• That a person must not deal with funds or economic resources owned, held or controlled by a designated person if the person knows, or has reasonable cause to suspect, that he or she is dealing the funds or economic resources of a designated person (regulation 11). “Dealing with” funds is defined very broadly and includes, in regulation 11(5), where a person “exchanges the economic resources [of the designated person] for funds, goods or services”.
  • That a person must not make funds available directly or indirectly to a designated person if the person knows, or has reasonable cause to suspect, that he or she is dealing with the funds of economic resources of a designated person (regulation 12).
  • That a person must not make funds available to any person for the benefit of designated person if he or she knows, or has reasonable cause to suspect, that he or she is making funds available for the benefit of a designated person (regulation 13).
  • That a person must not make economic resources available directly or indirectly to a designated person if he or she knows, or has reasonable cause to suspect, that he or she is making the economic resources available to a designated person and that the designated person would be likely to exchange the economic resource for, or use them in exchange for, funds, goods or services (regulation 14).
  • That a person must not make economic resources available to any person for the benefit of a designated person if he or she knows, or has reasonable cause to suspect, that he or she is making the economic resources available for the benefit of a designated person (regulation 15).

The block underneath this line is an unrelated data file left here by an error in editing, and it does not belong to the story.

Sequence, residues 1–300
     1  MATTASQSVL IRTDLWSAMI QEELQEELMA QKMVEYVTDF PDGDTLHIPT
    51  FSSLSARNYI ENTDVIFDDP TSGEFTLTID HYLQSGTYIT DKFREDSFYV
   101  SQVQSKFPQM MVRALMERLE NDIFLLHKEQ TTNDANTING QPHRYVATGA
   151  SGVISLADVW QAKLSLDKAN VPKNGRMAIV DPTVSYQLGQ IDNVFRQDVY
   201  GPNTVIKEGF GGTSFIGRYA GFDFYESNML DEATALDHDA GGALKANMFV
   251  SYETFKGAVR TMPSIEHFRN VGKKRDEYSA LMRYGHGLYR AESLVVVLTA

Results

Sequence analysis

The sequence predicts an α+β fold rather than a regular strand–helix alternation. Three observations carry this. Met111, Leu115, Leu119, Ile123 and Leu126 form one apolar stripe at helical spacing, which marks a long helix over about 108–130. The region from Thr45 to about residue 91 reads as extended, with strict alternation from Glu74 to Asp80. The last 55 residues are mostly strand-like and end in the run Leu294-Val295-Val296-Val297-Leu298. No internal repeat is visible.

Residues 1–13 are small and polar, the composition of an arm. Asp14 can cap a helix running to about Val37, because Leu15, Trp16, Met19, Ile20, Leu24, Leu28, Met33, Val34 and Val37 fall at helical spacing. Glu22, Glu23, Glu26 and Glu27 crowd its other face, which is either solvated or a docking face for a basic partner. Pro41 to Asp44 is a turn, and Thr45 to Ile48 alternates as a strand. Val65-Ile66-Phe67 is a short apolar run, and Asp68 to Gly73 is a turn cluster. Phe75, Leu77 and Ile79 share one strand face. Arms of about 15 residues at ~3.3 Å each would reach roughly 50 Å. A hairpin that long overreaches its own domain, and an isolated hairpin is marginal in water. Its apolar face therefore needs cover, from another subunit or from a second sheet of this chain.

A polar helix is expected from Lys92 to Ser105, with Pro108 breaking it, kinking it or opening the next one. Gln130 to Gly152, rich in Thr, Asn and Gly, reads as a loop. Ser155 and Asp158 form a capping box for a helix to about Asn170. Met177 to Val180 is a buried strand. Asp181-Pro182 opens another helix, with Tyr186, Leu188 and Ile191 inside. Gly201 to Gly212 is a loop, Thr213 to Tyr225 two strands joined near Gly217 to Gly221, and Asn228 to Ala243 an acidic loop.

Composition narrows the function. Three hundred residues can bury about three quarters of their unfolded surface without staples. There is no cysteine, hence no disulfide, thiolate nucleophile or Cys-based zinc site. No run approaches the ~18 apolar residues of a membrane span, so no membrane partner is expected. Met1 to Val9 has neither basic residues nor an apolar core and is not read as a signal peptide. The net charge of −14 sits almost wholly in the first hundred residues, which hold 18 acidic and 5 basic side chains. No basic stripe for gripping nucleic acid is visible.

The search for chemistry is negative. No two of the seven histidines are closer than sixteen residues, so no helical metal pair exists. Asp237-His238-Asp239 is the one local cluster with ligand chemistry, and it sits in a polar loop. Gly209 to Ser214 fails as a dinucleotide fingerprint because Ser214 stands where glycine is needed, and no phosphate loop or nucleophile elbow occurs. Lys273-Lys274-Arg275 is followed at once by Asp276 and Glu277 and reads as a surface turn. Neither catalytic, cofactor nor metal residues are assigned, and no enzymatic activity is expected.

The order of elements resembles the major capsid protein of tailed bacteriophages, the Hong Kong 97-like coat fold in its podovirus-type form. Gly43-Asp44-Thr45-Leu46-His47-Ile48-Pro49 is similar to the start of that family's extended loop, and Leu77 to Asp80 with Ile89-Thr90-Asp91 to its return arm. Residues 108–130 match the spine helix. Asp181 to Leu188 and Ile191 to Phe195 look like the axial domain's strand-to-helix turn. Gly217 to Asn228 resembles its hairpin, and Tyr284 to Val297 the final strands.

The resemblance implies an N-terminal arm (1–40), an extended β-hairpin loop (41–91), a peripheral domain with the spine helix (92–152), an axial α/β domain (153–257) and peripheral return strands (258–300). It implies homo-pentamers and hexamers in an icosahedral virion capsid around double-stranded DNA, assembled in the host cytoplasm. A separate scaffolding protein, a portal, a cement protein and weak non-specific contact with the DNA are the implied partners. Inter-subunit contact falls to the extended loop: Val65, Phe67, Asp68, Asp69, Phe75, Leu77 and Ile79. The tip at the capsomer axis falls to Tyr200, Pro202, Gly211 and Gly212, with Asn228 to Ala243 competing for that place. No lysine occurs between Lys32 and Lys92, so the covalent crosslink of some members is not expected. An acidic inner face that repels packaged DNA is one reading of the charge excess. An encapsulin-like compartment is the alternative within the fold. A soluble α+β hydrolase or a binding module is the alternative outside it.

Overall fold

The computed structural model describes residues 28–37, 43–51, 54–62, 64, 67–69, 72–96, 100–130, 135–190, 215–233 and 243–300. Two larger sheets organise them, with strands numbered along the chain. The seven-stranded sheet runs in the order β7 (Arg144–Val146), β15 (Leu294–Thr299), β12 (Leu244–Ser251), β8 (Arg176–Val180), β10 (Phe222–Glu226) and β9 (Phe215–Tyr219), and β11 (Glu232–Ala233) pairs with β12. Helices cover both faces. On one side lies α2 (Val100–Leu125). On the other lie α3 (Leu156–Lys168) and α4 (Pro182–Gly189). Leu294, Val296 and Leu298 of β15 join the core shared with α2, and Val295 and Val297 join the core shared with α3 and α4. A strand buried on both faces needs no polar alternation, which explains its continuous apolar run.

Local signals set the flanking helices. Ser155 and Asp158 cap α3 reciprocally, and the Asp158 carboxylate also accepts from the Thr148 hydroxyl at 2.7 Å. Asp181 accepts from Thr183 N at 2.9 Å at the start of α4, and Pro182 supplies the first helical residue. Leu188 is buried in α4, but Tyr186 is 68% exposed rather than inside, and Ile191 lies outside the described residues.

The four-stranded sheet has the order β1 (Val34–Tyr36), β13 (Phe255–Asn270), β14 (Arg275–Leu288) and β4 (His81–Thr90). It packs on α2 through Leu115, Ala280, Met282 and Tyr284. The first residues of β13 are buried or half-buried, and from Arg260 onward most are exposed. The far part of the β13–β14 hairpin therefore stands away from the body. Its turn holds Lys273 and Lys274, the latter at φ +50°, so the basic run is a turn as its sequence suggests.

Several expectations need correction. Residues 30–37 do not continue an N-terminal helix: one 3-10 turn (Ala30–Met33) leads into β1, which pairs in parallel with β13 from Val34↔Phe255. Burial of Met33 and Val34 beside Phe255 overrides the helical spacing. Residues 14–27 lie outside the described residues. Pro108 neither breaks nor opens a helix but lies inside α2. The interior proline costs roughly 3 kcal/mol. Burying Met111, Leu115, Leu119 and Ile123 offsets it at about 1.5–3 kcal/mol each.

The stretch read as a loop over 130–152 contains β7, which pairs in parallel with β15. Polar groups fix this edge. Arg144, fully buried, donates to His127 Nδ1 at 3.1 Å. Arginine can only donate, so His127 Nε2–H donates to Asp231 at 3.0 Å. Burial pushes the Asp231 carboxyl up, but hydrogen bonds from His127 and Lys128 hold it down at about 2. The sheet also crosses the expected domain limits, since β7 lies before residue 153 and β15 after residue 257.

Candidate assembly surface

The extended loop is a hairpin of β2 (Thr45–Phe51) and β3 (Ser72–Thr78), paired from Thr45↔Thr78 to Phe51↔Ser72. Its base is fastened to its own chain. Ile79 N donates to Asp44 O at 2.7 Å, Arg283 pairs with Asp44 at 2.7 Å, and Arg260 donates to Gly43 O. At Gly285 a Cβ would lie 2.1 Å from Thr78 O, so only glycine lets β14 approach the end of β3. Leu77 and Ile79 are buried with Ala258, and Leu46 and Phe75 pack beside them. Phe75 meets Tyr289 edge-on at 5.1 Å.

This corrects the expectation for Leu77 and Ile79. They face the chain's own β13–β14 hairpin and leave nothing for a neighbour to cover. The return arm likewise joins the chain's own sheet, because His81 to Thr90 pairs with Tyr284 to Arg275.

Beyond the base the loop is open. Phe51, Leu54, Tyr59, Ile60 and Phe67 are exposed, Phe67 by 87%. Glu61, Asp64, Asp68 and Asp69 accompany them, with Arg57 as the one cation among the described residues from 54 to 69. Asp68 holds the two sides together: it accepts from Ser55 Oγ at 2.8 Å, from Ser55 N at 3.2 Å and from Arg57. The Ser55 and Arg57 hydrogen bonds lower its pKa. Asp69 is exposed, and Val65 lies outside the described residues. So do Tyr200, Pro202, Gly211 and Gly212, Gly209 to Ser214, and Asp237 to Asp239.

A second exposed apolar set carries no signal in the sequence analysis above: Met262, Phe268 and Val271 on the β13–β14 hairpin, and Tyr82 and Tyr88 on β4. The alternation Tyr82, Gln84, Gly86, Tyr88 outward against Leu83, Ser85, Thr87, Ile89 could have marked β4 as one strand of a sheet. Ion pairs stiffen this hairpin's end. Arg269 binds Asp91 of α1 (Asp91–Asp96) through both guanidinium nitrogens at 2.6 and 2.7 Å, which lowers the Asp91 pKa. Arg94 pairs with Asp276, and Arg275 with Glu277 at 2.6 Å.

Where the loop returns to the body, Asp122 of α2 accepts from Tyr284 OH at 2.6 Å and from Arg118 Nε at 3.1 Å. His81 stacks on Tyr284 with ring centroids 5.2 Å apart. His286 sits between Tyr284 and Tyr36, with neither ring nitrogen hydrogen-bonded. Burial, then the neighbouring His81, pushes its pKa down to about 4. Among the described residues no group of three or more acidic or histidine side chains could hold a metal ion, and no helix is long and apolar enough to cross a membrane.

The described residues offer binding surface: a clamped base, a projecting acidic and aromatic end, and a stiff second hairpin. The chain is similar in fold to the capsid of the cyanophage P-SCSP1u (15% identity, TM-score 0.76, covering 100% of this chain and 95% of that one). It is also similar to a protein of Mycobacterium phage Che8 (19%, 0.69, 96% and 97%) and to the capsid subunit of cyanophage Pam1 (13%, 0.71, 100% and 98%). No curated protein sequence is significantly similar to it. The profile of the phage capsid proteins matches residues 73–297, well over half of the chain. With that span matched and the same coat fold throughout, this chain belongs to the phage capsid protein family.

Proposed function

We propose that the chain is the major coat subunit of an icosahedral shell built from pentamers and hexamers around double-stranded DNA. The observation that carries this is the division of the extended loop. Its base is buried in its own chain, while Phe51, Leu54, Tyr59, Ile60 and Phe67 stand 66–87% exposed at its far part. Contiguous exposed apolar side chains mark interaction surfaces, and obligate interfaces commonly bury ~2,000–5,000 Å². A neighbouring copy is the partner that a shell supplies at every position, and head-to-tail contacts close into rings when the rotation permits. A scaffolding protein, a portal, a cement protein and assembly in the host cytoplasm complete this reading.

• Regulations 16 to 18 contain prohibitions on dealing with transferable security, or money-making to specific entities designated in Schedule 2, or more generally after 1 March 2022, a prohibition on making loans, entering into correspondent banking relationships, making investments in Crimea and providing financial services to specific Russian government entities in relation for the purpose of foreign exchange reserve and asset management.

Criminal penalty for circumvention

Regulation 19 provides that circumvention of the above prohibitions is a criminal offence:

“A person must not intentionally participate in activities knowing that the object or effect of them is (whether directly or indirectly)—

  • to circumvent any of the prohibitions in regulation 11 to 18, or
  • to enable or facilitate the contravention of such prohibitions”


  • Crediting interest to or receiving funds into a frozen account is not a contravention of the prohibitions, nor is a transfer of funds to an FSA regulated institution in discharge of an obligation incurred before the designated person was designated (regulation 58).
  • In addition the Office of Financial Sanctions Implementation (‘OFSI’) may issue a licence in respect of anything done that would otherwise be in contravention of the

prohibitions (regulation 59).      Such licences may be issued in respect of single transactions, or for a period of time covering defined activities.